New Zealand farmers’ nerves have been wracked since the middle of last year when the summer drought finally came to an end. No one will need reminding of how challenging the drought was, especially as the effects were compounded by a national covid-19 lockdown, which hindered farmers’ ability to offload stock.
The unique severity of last year has kept weather concerns front-of-mind this summer. These concerns were somewhat alleviated by good rainfall over the festive period, which had farmers in both islands feeling confident, and some even thinking they had offloaded prematurely ahead of Christmas. However, some very hot, windy days were to follow and both islands looked decidedly drier.
Destocking measures ahead of Christmas led to a soft supply of cattle to the store market throughout January. This trend has shifted through February, and based on yard data tracked by AgriHQ, 2600 more cattle have moved through the yards so far this month compared to the same period last year.
Elevated selling activity is an encouraging sign of a stronger market. Evidently, the market is more competitive than it was this time last year, when R2 steer prices were rapidly decreasing. This week, North Island R2 steer prices were 10c/kg above 2020 prices and have been steady, while South Island prices are still depressed. Overall, the cattle store market is by no means booming, and demand has been capped by low feed levels in key buying patches such as Hawke’s Bay and lower than normal farm gate prices.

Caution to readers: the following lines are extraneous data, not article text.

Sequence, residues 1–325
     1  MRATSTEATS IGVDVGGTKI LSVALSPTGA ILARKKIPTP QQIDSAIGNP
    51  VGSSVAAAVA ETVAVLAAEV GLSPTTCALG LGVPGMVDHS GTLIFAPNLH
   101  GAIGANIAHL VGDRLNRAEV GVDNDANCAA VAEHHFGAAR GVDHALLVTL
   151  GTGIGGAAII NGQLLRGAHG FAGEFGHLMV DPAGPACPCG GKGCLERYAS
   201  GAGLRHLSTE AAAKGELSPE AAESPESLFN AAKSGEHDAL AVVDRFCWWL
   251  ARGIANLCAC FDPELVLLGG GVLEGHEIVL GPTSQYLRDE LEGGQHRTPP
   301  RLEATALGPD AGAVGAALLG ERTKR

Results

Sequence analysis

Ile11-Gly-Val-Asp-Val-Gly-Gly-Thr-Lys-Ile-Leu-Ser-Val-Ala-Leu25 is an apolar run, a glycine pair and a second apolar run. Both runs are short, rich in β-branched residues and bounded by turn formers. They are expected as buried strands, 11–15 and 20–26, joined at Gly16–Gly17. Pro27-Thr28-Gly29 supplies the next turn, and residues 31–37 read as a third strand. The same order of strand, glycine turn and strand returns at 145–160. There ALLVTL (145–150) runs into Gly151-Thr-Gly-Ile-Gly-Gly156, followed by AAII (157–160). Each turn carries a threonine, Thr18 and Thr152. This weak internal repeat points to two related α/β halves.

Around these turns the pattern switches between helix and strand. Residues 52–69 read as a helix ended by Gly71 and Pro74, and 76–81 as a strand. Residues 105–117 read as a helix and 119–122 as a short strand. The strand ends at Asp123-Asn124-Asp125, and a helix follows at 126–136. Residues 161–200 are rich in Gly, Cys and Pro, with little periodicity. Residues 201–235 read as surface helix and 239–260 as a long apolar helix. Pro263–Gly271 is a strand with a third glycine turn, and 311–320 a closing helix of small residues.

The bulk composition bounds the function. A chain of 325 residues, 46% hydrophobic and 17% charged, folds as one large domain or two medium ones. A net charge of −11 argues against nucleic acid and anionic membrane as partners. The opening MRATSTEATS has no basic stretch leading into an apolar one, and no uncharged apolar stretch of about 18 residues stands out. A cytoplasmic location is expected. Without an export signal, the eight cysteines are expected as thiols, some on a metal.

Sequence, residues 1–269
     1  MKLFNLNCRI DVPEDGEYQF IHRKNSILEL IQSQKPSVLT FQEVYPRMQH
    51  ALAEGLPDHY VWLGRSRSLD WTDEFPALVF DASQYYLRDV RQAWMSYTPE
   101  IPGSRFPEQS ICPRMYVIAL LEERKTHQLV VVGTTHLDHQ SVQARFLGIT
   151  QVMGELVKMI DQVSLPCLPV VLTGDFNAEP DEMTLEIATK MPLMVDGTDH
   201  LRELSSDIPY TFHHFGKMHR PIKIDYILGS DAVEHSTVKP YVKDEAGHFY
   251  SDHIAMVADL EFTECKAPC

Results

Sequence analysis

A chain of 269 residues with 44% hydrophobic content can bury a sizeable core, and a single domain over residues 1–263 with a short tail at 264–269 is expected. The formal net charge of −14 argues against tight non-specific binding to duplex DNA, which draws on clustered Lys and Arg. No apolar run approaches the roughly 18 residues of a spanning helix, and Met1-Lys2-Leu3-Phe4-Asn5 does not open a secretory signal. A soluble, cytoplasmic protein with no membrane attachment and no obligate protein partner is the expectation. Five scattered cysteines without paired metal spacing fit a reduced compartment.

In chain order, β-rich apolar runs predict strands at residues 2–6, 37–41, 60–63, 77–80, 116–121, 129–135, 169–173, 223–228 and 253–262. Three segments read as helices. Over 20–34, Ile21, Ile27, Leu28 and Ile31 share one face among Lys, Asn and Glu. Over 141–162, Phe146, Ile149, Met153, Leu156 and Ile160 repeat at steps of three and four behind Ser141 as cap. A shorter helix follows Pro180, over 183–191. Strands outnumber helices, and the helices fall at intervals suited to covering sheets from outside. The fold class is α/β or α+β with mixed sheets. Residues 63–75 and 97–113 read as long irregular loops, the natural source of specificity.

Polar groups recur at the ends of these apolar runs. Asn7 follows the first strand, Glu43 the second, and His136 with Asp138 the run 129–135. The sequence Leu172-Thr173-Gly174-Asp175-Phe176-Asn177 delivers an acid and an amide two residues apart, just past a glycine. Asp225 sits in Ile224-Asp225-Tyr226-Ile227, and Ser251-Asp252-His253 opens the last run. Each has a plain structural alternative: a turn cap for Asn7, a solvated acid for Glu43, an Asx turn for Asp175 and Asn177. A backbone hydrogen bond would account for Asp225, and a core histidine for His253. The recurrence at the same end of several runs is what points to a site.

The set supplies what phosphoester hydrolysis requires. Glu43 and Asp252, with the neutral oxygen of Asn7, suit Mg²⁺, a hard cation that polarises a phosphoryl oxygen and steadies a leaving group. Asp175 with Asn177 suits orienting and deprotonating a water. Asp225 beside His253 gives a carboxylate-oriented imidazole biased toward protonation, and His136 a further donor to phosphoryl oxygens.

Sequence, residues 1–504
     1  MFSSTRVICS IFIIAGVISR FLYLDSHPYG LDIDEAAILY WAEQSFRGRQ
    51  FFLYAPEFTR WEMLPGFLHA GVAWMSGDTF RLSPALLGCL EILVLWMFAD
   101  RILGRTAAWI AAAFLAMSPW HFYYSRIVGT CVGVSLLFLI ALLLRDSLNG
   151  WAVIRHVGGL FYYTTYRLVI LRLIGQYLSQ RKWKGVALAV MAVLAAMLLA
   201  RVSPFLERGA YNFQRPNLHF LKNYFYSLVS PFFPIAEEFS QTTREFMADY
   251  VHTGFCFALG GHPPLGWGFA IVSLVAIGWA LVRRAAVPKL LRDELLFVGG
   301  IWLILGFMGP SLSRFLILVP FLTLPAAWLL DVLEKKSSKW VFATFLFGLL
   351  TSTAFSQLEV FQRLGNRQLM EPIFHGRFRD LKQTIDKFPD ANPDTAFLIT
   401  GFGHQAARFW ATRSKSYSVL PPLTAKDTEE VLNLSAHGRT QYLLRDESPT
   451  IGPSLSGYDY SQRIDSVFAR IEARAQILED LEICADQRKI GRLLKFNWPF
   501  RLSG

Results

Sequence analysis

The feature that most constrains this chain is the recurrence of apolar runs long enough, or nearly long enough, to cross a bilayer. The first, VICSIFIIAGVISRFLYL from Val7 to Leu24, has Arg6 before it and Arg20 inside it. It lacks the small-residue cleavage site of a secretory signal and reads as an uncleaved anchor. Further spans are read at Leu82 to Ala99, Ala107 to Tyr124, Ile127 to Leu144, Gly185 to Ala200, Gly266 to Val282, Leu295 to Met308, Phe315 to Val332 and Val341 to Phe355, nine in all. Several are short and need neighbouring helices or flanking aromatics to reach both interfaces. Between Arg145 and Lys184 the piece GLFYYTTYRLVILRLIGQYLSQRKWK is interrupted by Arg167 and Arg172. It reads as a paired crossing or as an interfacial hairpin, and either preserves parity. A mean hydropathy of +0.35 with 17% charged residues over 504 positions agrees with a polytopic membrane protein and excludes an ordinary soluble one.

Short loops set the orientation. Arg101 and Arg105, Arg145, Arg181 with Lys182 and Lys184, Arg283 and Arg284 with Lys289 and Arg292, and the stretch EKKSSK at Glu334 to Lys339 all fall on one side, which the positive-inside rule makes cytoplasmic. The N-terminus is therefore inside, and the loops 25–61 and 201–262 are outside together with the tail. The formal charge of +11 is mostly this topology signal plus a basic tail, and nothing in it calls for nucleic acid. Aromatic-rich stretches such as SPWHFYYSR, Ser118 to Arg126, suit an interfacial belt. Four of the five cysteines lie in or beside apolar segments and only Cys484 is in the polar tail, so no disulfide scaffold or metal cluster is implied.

A quiet store market, dry pastures and rising covid-19 alert levels may be giving some farmers a sickening sense of déjà vu. Although, weather conditions have turned a corner, with rain falling in drier areas of the North Island. Gisborne, eastern Hawke’s Bay, Bay of Plenty and Northland all had some significant precipitation, recording 40-150mm. Unfortunately, King Country, Waikato and the east coast of the South Island appear to have missed out on heavier falls.
Increased rainfall and cooler temperatures across the country have created a definite autumnal feeling. According to RuralWeather’s Philip Duncan “an autumn weather pattern is slowly developing”. NIWA data supports this, with indications of cooler soil temperatures year-on-year.
So, will recent rain and an autumn feel take the edge off drought anxiety? We still have two more weeks of summer to get through and as Duncan pointed out, rain now is more of a silver lining rather than a silver bullet. La Nina does improve the outlook for subtropical rainmakers in March but according to Duncan, this is reliant on elevated high pressure abating.
Overall, farmers are in a better position than they were this time last year. A precautious approach to summer this year means farmers are prepared with supplementary feed and have been critical with stock numbers to lessen pressure on water and feed resources. Anyone looking to increase cashflow can offload cattle on a more receptive market, and buyers in western regions still have grass to burn. As with everything, covid-19 developments will impact the market this year, but a more temperate summer removes one hurdle from the track.